The Roaring 20’s. A period marked by unprecedented affluence, countless soirees, flapper dresses, jazz melodies, and …
Although vegans may be known for being kind to animals, they aren’t so nice when it comes to clothing companies that use veganism to sell more products. Although it’s certainly not the first incident of its kind, the latest example comes from British-based retailer Topshop — and a seemingly innocent pink tee that hides a non-animal-friendly secret.
Women’s apparel is one of the most important subsets of the clothing industry. While countless decoration methods have been developed in recent years — like sublimation, a heat transfer method that uses four different wax color ribbons to create high-quality images on garments — some brands embrace a traditional, throw-back feel. Tee and Cake, a brand carried exclusively by Topshop, is making everything old new again. Their collection features lame-turned-hipster graphic tees, sweatshirts with tassels, and embroidered tops that look like something your grandma might bring you back as a vacation souvenir.
One of their t-shirts, in particular, has caused quite a stir among vegans. The simple design of a vegan brontosaurus, featured on a simple tee in a baby pink hue, might not seem to be all that controversial at first. But when customers took a look at the Tee and Cake care tag inside the garment, they raised their eyebrows in surprise.
You see, Tee and Cake’s kitschy take was to provide customers with a recipe for something sweet, involving sugar, flour, baking powder, vanilla extract… and butter and eggs. The last two ingredients are certainly not vegan, a fact that social media users were quick to point out. Many of those who have chosen a plant-based lifestyle aren’t shy about promoting their values — and they weren’t so forgiving to Topshop for the oversight.
Those up in arms over the shirt have even speculated that the juxtaposition was a purposeful diss to vegans or that the two brands merely wanted to capitalize on the vegan trend to sell more shirts. One Twitter user wrote, “Yet another company trying to cash in on veganism without knowing anything about what it stands for… shameful use of vegan for profit.” In the UK, where Topshop is headquartered, veganism is one of the fastest growing lifestyles in the country; while only 150,000 people followed a vegan lifestyle 10 years ago, at least 542,000 follow a vegan diet now.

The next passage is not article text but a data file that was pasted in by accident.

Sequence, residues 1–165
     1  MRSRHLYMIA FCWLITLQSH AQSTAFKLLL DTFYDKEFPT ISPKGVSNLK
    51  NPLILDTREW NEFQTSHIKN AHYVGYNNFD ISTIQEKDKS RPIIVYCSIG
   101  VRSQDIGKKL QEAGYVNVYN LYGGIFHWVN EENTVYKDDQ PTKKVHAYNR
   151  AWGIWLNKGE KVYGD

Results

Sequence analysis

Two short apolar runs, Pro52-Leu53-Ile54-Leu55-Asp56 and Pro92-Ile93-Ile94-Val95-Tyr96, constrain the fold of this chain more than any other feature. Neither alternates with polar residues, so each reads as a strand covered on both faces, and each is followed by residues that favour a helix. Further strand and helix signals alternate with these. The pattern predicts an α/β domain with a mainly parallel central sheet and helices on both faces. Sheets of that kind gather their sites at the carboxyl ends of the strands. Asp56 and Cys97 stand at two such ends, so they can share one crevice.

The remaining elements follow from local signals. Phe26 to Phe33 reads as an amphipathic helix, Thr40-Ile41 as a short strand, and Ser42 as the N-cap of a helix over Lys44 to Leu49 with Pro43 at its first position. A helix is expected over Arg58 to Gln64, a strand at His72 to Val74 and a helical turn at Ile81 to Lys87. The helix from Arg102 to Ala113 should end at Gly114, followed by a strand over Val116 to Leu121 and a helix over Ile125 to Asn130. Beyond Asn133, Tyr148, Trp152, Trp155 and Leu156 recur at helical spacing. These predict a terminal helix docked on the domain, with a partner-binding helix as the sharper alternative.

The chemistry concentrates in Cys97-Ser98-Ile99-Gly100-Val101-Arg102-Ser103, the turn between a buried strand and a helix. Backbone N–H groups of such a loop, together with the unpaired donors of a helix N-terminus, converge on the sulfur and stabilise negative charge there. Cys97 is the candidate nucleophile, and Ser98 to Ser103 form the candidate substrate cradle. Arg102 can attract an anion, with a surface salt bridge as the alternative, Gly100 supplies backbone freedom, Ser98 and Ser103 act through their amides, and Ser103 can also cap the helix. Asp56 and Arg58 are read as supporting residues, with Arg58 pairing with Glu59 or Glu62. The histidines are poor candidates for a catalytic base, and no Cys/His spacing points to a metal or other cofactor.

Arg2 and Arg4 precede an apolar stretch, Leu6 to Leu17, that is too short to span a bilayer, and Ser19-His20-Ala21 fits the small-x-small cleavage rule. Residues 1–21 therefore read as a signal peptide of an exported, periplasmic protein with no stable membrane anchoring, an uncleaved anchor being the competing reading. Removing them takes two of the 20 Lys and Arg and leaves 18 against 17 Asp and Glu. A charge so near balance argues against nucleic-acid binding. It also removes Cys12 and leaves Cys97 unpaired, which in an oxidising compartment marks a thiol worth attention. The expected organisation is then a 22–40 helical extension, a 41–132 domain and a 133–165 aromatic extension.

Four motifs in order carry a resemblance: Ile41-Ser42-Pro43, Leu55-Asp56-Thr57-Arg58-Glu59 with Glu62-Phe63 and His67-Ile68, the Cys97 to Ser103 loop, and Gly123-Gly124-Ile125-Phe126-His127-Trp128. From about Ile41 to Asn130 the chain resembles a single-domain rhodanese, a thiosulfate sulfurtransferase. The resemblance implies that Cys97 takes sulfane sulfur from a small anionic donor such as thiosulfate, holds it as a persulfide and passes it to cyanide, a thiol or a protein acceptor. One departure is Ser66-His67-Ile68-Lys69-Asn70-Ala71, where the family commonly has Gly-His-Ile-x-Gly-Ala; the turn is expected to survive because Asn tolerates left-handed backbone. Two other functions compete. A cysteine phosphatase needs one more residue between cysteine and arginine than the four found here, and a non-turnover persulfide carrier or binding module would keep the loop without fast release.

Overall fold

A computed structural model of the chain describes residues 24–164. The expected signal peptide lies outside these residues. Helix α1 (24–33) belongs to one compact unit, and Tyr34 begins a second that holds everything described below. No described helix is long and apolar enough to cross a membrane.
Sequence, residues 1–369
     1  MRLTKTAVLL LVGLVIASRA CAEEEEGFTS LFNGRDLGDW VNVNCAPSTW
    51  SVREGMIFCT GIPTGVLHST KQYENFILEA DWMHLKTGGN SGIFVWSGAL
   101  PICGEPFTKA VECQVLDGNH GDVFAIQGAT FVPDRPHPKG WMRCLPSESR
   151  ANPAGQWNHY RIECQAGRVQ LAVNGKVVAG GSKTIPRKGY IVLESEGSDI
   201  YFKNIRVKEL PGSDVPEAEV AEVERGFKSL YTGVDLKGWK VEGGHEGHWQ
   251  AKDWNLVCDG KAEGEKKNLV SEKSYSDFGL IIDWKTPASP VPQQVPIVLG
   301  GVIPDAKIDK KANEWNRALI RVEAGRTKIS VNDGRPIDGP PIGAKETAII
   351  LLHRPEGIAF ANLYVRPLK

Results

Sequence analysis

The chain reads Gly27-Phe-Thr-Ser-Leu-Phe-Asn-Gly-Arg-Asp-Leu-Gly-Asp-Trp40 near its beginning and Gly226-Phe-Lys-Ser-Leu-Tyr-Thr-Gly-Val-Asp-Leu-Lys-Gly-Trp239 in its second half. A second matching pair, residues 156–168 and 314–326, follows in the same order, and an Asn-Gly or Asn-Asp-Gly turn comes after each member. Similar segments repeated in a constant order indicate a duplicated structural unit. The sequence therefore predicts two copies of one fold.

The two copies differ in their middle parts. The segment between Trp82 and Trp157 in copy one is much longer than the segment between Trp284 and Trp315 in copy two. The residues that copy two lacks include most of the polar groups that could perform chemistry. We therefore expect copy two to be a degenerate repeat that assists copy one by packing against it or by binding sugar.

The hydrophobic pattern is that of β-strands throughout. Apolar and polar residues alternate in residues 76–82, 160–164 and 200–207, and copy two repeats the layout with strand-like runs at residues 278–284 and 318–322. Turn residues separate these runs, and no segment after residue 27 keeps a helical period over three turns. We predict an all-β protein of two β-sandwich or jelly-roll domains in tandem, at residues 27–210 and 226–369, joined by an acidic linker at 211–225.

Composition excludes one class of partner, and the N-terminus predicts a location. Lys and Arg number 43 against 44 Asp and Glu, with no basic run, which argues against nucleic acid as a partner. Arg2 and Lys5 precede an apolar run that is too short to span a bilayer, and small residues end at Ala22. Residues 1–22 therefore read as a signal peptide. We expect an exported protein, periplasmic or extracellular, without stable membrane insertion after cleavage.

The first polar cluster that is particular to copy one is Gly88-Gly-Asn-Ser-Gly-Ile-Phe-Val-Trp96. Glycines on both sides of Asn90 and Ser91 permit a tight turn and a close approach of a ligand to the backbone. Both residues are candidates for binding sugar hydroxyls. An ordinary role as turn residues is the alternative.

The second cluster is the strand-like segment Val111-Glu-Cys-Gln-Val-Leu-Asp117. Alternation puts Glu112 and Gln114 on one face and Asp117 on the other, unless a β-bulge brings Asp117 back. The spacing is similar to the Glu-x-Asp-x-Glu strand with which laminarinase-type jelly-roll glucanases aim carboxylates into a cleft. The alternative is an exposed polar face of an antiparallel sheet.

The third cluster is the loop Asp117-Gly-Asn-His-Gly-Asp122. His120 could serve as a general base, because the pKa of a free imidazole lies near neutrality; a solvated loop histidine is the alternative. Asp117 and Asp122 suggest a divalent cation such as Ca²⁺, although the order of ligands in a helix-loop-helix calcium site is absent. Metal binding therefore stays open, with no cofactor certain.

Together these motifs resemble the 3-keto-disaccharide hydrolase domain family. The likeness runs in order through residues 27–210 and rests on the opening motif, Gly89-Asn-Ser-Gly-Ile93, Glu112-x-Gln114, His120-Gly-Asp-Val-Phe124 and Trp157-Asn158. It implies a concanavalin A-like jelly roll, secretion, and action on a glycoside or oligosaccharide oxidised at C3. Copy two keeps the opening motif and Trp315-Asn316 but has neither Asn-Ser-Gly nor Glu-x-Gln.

In response, some vegans took the opportunity to share more sustainable, truly vegan-friendly brands. And to their credit, Tee and Cake actually shared a vegan-friendly cake recipe on their Instagram account, which included vegetable oil and soy milk in place of the animal byproducts featured in the original.
Since approximately 62% of Americans say they own more than 10 t-shirts in their wardrobe, companies may feel they have to go to great lengths to ensure theirs sell. Maybe a lower price point would help; the dino tee in question also had a $40 price tag in addition to the offending recipe.
Some vegan activists are supportive despite the gaff (and cost). The director of ProVeg UK, a food awareness group, was quoted by The Sun as saying: “We love Topshop’s ‘vegan dino’ t-shirts, despite the printing error on the label! It’s very clearly an oversight from the manufacturer, nothing more — they use this same label on every item in their range. More importantly, these t-shirts show just how mainstream and popular veganism has become now it’s being printed on clothes sold in one of the most well-known fashion retailers in the world!”
As of early March, the tee was still available for purchase on Topshop’s website. But perhaps the outrage has caused at least one brand to think twice about promoting faux veganism in the future.